Researchers in Milan are attempting to prove that consuming small daily quantities of almonds or walnuts could have a significant effect on sperm quality and male fertility.
Doctors in Italy believe they may have found the secret to boosting male fertility. A handful of nuts.
Experts at the Azienda Ospedaliera Citta della Salute e della Scienza di Torino, a hospital in Turin, are conducting a study of 100 men which will attempt to prove the theory that consuming as little as seven nuts a day (almonds, walnuts, peanuts and hazelnuts) can have a significant effect on the quality of sperm.
Admittedly, the theory has been around for some time. In 2012, a research team at the University of California published the results of a study which showed that men who consumed 75g of walnuts each day experienced a marked improvement in sperm vitality, motility and morphology.
Their conclusion was that there is a direct link between an increase in the consumption of polyunsaturated fatty acids (which exist at high levels in nuts) and an improvement in sperm quality among healthy men eating a western diet.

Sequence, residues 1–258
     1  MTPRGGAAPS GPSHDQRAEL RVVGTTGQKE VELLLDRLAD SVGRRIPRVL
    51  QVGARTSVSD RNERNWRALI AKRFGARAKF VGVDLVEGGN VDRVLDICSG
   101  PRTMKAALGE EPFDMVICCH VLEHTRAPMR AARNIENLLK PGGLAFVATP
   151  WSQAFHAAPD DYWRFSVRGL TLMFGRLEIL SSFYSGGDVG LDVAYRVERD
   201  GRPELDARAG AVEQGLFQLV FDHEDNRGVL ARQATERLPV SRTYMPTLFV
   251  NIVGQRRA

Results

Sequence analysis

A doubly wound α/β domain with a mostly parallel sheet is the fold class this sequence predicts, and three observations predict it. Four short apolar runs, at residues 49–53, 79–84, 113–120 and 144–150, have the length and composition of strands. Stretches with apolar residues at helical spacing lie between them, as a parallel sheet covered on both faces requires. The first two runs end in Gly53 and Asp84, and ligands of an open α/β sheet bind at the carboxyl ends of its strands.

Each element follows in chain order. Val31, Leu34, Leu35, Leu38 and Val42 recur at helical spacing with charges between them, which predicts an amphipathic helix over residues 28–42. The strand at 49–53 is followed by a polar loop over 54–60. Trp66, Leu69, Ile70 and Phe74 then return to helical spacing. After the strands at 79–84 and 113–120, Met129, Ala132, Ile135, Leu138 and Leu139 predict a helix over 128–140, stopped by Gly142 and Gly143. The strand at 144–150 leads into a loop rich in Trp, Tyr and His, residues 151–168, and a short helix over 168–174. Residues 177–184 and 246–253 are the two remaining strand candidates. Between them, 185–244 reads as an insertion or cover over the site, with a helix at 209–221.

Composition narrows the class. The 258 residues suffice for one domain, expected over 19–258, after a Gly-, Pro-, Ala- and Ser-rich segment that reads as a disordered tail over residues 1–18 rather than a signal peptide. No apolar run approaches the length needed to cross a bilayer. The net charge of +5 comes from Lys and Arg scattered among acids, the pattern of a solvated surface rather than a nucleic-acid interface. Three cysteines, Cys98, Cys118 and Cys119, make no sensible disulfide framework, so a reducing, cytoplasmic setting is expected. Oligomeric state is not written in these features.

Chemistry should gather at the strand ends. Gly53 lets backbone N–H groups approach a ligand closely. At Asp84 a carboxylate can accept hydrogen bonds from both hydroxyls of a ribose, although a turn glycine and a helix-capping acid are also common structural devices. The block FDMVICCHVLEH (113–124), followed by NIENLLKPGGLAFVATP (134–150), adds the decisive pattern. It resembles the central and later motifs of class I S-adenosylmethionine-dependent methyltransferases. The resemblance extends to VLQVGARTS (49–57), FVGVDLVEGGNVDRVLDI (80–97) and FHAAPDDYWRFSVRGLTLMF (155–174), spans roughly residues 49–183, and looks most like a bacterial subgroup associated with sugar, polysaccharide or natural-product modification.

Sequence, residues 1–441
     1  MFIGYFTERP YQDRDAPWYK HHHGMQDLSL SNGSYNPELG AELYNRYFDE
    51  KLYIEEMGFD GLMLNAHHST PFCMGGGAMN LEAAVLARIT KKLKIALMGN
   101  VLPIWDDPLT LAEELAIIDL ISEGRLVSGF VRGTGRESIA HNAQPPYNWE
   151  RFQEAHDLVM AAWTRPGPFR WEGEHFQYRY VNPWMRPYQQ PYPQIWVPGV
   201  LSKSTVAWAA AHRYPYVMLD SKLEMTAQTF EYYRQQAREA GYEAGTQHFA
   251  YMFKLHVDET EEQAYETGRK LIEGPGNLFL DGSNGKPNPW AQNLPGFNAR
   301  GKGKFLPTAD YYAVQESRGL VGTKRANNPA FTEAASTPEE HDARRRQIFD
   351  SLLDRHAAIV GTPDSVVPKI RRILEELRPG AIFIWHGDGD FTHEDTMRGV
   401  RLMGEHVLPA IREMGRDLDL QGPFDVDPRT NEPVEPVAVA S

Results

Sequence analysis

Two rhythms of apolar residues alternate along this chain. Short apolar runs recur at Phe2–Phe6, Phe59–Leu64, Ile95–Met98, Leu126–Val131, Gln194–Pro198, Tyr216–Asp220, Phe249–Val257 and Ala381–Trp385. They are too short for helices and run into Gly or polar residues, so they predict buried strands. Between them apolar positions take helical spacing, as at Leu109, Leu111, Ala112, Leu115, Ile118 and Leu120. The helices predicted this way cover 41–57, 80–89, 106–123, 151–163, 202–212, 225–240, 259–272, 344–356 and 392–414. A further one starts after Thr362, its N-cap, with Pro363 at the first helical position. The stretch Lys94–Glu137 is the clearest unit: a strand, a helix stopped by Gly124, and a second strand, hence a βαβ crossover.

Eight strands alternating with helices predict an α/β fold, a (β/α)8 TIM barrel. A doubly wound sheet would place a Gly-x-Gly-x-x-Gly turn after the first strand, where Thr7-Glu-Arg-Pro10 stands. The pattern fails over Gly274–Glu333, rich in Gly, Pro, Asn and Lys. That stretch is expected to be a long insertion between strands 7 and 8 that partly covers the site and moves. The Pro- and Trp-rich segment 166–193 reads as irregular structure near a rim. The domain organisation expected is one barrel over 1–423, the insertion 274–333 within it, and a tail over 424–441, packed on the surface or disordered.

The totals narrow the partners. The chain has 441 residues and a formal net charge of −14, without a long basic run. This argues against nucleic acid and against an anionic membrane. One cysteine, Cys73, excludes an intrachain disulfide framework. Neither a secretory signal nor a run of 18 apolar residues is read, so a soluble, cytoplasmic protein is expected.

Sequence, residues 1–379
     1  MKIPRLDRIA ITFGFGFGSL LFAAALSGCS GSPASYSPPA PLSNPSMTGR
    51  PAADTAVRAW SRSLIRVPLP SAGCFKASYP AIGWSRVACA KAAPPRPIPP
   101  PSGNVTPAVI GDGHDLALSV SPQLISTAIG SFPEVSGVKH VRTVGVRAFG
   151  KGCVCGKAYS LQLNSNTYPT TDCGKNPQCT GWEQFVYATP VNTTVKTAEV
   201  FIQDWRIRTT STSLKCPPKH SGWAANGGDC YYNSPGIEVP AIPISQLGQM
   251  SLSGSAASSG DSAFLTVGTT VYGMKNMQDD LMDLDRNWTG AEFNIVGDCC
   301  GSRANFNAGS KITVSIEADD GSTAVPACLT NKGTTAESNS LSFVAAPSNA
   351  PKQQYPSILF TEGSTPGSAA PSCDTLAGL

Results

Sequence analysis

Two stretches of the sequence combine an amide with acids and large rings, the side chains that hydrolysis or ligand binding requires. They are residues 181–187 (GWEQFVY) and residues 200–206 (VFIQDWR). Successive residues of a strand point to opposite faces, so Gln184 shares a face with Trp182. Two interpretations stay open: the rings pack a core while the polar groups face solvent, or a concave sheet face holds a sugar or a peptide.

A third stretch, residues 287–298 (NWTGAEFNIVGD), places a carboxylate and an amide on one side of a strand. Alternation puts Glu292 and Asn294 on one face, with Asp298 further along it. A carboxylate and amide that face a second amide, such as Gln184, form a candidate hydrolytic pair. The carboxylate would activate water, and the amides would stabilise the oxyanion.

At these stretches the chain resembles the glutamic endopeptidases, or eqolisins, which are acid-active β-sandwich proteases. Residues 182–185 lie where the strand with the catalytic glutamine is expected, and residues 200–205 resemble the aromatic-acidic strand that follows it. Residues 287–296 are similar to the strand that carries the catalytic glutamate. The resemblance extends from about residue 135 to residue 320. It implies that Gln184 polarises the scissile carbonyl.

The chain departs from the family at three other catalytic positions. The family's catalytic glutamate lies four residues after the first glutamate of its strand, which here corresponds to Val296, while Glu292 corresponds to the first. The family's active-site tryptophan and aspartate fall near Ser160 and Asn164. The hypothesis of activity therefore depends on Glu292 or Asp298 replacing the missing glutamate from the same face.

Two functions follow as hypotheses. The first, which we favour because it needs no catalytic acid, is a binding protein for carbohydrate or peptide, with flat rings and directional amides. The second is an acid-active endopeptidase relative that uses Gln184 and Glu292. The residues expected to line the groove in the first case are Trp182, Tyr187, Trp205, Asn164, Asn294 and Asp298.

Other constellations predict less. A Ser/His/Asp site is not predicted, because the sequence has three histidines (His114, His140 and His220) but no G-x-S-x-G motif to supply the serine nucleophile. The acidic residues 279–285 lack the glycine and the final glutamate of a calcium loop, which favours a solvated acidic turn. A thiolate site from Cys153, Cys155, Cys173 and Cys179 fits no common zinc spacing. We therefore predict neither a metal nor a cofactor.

Like walnuts, almonds are rich with arginine, an amino acid that has been shown to increase sperm production. Peanuts meanwhile contain high levels of zinc, which is associated with an increase in sperm count and motility.
Up to a fifth of young men have a low sperm count, defined as fewer than 20 million sperm per millilitre of semen, and the problem is on the increase. In 1992, a groundbreaking Danish study found that the number of sperm in each millilitre of semen has halved since the mid 20th century, while abnormal sperm is on the rise too. Factors affecting this change in male fertility may include diet, lifestyle, a greater exposure to estrogen and chemicals in the environment.
But if the solution to male fertility is as simple as consuming a handful of nuts, sales of Snickers bars could soon be soaring.